scott walker winking (copy)

Gov. Scott Walker developed a reputation early in his presidential bid as a candidate who is "relentlessly on message." But the more national exposure he gets, the more he seems to stray from that message.

There's an argument to be made that some of that is the result of an unfortunate habit the governor has of starting answers with "Yeah..." or "Absolutely..." before getting to the meat of his response. It's his way of acknowledging the question, the way some people might offer an "Um..." or "So..." 

Starting a sentence with a filler word isn't unusual; it can even be presidential. How many times has President Barack Obama started an answer with "Look..."? Answer: probably about as many as President Ronald Reagan started one with "Well..."

Walker's problem is his filler word tends to detract from whatever   follows it.

"Many politicians have vocal tics and they are usually unaware of their speaking pattern. Often, these tics or quirks in speaking style are due to regionalism and go unnoticed if a campaign is conducted at the state or district level," said Erik Bucy, a professor of strategic communication at Texas Tech. "Nationally, vocal tics may persist early in a presidential cycle but are likely to be coached away in the eventual nominee. Typically, pet phrases are used to indicate bonding or affinity for an in-group, or potential supporters a candidate would like to curry favor with."

Employed intentionally, a catchphrase can make a candidate seem like he or she is "one of us" to certain groups of voters, Bucy said. A subconscious tic, he said, is generally part of a candidate's effort to make him or herself seem more agreeable. That's likely what's happening with Walker's use of "yeah" and "absolutely," Bucy said.

"One of the ironies of public life, and competitive contexts like presidential elections, is that voters generally respond to candidates who seem more agreeable and reassuring than those who express a lot of anger and threat. There are short-lived exceptions, of course, Donald Trump being the exception du jour," he said.

The Daily Beast's Betsy Woodruff wrote about Walker's "yes man" habit, which she said "seems to be quietly draining the blood from his campaign," on Wednesday. Conservative radio host Charlie Sykes told Woodruff it's "almost like a parlor game" to see what questions can get an initial "yes" from Walker.

The prime example is Walker's exchange with MSNBC's Kasie Hunt during a packed, roaming press gaggle at the Iowa State Fair. Hunt asked Walker a question he'd received — and dodged — from several other reporters and fair attendees that day: Does he believe the U.S. should end birthright citizenship?

Citing Sen. Harry Reid's onetime support for ending it, Walker said, "I think that's something we should, yeah, absolutely, going forward."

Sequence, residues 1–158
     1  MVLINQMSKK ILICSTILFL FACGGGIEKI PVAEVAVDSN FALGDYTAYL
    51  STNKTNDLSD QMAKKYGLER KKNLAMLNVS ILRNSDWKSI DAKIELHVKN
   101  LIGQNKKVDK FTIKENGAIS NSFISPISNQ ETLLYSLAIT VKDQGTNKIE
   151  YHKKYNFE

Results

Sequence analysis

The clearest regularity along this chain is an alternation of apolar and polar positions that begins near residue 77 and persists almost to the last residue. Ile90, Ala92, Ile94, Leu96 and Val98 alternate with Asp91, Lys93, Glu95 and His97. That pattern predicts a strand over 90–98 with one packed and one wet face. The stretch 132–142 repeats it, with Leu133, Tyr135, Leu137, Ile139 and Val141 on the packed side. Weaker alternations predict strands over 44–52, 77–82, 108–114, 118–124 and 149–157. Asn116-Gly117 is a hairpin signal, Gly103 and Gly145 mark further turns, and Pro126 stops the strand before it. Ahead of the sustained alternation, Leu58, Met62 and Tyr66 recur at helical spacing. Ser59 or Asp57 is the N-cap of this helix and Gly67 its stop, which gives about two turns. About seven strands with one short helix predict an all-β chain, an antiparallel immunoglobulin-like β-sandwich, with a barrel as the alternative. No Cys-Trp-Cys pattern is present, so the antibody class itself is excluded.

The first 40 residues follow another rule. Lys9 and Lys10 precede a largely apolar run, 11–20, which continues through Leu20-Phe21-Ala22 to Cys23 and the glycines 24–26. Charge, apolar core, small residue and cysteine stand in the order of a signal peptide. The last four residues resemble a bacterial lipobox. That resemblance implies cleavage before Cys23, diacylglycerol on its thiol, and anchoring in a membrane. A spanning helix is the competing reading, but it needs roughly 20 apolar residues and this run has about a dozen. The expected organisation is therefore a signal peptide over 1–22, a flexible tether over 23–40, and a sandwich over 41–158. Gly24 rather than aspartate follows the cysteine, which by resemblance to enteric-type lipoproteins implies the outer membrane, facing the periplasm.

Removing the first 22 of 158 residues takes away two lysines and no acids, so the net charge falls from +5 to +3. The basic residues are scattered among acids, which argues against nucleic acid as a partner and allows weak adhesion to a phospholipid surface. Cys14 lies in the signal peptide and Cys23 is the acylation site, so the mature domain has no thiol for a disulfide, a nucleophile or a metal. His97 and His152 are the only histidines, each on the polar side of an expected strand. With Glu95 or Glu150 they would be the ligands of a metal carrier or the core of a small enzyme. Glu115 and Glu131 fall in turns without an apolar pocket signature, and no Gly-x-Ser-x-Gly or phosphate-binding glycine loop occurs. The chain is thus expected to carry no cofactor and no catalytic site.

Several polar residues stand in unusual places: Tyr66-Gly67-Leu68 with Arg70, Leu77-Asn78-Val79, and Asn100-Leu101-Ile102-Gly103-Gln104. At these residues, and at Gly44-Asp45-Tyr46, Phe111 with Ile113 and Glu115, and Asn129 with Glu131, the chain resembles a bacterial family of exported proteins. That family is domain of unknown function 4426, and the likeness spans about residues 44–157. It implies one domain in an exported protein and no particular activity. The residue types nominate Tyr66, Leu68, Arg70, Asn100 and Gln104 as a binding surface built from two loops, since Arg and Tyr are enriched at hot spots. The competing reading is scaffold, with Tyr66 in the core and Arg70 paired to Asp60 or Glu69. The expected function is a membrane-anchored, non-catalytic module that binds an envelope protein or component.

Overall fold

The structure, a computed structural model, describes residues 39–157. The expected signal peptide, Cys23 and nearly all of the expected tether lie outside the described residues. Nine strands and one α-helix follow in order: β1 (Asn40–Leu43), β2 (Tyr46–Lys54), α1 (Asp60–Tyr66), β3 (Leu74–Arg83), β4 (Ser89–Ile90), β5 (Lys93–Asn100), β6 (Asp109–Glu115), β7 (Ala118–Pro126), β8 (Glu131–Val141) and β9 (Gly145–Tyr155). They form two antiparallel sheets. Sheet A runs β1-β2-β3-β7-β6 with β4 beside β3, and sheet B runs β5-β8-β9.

"Yeah," he said, nodding, when asked again. "To me it’s about enforcing the laws in this country. And I’ve been very clear, I think you enforce the laws, and I think it’s important to send a message that we’re going to enforce the laws, no matter how people come here we’re going to enforce the laws in this country."

The confusing exchange led to a week of trying to figure out what Walker really thinks about birthright citizenship. After taking three positions in seven days, Walker landed on "no" when asked by ABC's George Stephanopoulos whether he's seeking to abolish or change the 14th Amendment.

"If you’re getting the reputation of being a flip-flopper and then you say something like the governor did … with what might be a common vocal tic when answering questions, reporters might be more likely to interpret that as another flip-flop," said Mike Wagner, a professor of journalism and mass communication and political science at the University of Wisconsin-Madison.

Picking up on speaking habits is often an activity of journalists who hear a lot of speeches and not the general voting public, Bucy said. And the better a reporter knows a candidate, the more in tune he or she is likely to be with those features, Wagner added.

In other words, when a candidate starts an answer with a filler word like "absolutely," a local reporter is likely to recognize that as a verbal crutch, while a national reporter might interpret it as part of the answer.

"Only by paying close attention or repeated exposure do these quirks even begin to stand out," Bucy said. "They become journalistic fodder and can become a mild curiosity for the press, but small lapses or verbal faux pas are not the stuff of outrage for the typical voter."

Bucy noted that despite all his malapropisms, President George W. Bush was never punished by voters for his speaking style. Rather, he came across as "homespun" or "authentic."